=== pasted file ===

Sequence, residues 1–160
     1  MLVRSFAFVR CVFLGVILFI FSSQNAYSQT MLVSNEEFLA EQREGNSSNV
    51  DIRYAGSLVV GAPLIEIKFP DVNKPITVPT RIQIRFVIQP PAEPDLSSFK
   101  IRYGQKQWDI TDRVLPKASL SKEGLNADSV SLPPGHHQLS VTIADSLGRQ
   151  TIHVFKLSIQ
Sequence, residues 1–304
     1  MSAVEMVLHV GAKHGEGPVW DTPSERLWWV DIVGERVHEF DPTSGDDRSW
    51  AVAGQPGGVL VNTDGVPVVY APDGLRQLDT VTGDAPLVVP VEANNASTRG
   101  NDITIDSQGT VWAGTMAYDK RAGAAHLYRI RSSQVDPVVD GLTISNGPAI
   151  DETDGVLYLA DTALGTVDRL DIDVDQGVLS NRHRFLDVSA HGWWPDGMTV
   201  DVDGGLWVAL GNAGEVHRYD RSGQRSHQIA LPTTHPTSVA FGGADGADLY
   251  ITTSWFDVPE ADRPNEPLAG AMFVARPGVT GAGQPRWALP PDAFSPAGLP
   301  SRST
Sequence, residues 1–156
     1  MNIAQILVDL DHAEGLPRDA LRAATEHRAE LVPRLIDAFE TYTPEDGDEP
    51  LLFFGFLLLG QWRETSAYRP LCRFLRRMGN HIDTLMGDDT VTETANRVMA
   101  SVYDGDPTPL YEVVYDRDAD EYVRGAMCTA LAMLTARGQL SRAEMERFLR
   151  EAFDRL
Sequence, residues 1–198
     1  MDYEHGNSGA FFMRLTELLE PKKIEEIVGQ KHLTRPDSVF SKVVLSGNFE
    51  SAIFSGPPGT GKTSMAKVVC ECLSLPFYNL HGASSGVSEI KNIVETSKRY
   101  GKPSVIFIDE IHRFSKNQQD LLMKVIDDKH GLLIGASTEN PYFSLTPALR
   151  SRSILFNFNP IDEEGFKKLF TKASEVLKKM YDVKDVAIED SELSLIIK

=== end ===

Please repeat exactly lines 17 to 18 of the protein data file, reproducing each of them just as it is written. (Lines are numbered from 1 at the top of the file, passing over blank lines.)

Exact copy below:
   101  SVYDGDPTPL YEVVYDRDAD EYVRGAMCTA LAMLTARGQL SRAEMERFLR
   151  EAFDRL